After a few other songs, one of the most intense and intimate moments of the show happened: "Walk It Back". The last album is known for its intimacy and torment, and this song is the epitome of that. The singer's low voice rocks the listeners like a lullaby, accompanied by the comforting guitar sounds floating in the air. This song took the whole festival to another level, speaking up about internal and personal misery, it held everybody's hand. Tears were streaming down my face, as well as my worries.

"Forget it, nothing I change changes anything."

From this track forward it was an emotional mess.

"Guilty Party"'s drums resounded in our chests, reminding us of how lonely life can get if we don't make the right decisions, but "it's nobody's fault". The trumpets played in the second part, blending all the sounds together and, well, making me cry even more. Having "nothing left to say" is not a crime, it's just how it is - music is all we have left. During "Guilty Party" the guitars reached their highest peak; having a large space to show off, they made everything more intense.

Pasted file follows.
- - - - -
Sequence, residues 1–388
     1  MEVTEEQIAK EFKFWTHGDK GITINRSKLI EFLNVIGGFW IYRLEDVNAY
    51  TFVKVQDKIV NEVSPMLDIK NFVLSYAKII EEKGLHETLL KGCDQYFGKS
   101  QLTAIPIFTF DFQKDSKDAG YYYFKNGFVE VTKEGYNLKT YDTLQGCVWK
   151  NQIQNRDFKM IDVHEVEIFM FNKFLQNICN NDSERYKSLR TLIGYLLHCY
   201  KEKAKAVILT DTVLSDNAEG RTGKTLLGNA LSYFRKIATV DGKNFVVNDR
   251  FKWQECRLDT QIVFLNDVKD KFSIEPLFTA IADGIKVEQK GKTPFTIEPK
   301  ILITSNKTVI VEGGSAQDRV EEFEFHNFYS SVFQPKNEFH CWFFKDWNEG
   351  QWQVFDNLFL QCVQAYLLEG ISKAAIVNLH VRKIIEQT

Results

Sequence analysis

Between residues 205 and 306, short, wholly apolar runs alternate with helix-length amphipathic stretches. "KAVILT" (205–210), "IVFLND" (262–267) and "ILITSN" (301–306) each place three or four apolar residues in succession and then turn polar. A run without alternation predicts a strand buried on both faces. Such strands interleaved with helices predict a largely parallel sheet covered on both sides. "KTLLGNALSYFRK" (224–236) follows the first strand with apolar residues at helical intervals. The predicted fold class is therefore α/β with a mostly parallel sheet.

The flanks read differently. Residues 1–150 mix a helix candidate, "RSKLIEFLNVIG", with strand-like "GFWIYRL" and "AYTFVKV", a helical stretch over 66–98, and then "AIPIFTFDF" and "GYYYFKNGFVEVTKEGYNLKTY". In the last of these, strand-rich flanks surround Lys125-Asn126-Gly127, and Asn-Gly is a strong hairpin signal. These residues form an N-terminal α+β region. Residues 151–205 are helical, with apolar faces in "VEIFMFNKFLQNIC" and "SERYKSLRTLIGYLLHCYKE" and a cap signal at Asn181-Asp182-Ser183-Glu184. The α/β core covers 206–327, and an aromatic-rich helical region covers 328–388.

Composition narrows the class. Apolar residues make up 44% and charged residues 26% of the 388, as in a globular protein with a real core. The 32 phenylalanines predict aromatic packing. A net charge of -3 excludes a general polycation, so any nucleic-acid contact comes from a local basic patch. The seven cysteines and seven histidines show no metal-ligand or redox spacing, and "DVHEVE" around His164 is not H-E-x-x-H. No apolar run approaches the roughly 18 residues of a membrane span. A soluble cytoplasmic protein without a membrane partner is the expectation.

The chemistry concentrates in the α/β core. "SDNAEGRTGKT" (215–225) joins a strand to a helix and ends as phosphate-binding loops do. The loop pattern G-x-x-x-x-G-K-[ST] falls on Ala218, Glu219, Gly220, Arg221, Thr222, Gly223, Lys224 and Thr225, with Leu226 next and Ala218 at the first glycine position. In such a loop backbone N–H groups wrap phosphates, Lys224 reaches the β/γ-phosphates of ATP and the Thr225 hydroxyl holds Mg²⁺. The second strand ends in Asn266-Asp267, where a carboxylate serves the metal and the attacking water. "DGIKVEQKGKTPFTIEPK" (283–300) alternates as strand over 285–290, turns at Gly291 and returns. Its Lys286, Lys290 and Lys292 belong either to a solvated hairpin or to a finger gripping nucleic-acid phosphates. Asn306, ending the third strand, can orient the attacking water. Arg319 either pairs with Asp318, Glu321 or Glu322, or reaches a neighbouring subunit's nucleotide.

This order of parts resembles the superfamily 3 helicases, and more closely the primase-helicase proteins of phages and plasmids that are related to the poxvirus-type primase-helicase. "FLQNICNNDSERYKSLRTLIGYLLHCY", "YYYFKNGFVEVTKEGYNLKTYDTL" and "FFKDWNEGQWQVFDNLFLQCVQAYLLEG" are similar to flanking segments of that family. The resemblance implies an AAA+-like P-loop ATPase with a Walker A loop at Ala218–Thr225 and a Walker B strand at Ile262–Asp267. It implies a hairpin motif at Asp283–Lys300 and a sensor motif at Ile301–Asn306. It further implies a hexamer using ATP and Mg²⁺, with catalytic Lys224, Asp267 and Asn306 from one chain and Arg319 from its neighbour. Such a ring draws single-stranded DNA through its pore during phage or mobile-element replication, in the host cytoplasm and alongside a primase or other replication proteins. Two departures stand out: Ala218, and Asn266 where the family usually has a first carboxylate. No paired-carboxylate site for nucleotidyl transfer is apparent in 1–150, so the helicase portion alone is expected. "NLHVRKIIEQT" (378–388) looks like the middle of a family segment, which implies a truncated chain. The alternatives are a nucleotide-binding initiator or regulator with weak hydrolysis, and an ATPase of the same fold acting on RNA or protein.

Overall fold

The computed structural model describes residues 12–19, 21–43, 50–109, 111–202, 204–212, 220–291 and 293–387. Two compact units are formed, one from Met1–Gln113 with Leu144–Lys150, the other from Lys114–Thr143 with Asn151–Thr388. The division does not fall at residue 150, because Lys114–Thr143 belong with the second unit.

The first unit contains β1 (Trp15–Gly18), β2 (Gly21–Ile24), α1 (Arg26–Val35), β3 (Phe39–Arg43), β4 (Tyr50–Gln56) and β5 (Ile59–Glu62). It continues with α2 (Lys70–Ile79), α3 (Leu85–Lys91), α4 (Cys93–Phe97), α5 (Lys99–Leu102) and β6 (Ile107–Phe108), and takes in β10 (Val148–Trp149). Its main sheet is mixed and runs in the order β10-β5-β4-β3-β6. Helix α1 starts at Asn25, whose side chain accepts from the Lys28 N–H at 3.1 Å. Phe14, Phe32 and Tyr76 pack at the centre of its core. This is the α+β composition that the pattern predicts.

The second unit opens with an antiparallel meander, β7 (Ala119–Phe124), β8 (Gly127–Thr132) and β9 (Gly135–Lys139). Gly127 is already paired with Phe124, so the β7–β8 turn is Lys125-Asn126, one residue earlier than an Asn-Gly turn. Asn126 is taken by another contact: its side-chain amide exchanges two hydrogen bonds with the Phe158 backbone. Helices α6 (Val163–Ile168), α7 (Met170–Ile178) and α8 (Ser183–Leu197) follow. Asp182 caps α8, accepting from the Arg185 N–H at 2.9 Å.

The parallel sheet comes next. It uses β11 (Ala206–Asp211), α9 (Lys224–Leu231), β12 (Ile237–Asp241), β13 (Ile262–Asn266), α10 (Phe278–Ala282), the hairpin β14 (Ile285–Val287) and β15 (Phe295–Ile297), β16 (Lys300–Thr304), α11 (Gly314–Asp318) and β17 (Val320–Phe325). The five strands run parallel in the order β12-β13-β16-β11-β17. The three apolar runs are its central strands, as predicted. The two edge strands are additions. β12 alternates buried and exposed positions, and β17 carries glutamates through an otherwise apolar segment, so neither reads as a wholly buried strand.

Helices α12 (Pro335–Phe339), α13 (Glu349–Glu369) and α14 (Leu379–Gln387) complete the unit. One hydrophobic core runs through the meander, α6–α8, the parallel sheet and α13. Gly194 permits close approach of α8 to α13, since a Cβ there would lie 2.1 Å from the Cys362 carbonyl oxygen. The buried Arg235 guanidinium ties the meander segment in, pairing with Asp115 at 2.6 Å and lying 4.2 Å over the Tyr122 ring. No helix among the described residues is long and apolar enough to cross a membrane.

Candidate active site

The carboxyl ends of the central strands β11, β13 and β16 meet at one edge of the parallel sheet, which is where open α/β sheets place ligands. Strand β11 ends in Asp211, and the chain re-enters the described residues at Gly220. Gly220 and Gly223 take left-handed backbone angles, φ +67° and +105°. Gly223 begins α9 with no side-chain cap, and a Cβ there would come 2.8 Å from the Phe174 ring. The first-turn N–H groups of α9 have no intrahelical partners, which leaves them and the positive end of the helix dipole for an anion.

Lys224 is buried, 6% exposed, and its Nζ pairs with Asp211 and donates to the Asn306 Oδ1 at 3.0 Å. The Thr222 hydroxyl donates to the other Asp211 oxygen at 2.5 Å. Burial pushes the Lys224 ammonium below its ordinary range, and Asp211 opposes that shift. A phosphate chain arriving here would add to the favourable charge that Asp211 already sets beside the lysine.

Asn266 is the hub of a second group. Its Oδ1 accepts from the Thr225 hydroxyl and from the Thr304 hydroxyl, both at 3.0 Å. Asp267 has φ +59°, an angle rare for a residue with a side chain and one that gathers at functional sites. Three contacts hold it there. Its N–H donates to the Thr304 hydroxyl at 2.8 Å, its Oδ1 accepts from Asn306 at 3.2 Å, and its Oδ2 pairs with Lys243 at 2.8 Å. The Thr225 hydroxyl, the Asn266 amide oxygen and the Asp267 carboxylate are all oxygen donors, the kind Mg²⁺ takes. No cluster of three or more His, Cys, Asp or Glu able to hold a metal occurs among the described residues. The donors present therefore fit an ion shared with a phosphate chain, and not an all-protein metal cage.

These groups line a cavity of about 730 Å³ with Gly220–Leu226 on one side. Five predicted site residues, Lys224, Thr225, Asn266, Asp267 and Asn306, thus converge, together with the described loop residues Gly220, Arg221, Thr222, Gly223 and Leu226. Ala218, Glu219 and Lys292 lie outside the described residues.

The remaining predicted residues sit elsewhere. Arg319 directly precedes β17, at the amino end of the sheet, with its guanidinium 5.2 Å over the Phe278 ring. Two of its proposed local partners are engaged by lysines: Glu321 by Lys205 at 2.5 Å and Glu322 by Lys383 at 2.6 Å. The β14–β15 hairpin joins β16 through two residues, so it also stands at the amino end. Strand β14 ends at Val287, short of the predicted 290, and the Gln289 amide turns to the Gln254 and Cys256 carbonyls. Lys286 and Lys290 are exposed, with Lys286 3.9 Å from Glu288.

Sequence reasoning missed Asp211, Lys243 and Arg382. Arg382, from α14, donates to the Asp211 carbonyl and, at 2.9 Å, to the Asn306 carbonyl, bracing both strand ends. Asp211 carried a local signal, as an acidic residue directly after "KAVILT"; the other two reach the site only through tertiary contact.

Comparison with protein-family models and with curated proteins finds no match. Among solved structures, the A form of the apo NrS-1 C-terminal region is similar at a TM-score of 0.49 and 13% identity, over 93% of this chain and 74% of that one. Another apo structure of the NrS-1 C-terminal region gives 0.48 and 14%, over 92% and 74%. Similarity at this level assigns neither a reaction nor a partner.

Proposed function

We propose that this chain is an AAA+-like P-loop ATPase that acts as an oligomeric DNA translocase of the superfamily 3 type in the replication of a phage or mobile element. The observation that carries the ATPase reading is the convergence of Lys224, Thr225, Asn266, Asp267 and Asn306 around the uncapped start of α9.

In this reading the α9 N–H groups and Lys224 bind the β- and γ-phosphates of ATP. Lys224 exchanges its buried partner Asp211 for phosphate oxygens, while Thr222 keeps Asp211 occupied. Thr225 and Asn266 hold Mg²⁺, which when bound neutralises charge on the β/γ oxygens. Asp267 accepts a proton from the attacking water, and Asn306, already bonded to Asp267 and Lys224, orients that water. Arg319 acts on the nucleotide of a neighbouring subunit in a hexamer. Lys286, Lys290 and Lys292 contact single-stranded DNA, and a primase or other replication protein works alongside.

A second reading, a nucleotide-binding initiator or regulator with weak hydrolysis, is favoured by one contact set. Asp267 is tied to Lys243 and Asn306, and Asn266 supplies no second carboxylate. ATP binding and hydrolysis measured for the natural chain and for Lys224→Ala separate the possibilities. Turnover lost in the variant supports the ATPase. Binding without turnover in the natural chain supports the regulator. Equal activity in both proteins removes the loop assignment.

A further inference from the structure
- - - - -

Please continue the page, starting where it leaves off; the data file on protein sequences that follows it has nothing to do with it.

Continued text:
"Bloodbuzz Ohio" was next, and literally, "the floors were falling down from everybody I [knew]". Between one song and the other, Berninger tried to communicate with the crowd, which was more and more moved by the second; politics, "fuck Donald Trump", love, life, existence, and death, were all topics of conversation. It gave the impression of being the only things The National were able to talk about, with them being the main focus of their albums as well.

Of course, it wouldn't be a The National show if the speeches were not this intense, nor if they didn't play the famous "I Need My Girl", creating a choir environment, involving every single voice in the process of singing the lyrics. Simple lights were used as a set during this one, as simple as the melody. Matt was just standing in front of the microphone, with his hands behind his back, simply taking in the view.

"Davy says that I look taller, but I can't get my head around it... I keep feeling smaller and smaller."

And this is how everyone was feeling in front of the greatness of this band: smaller than life.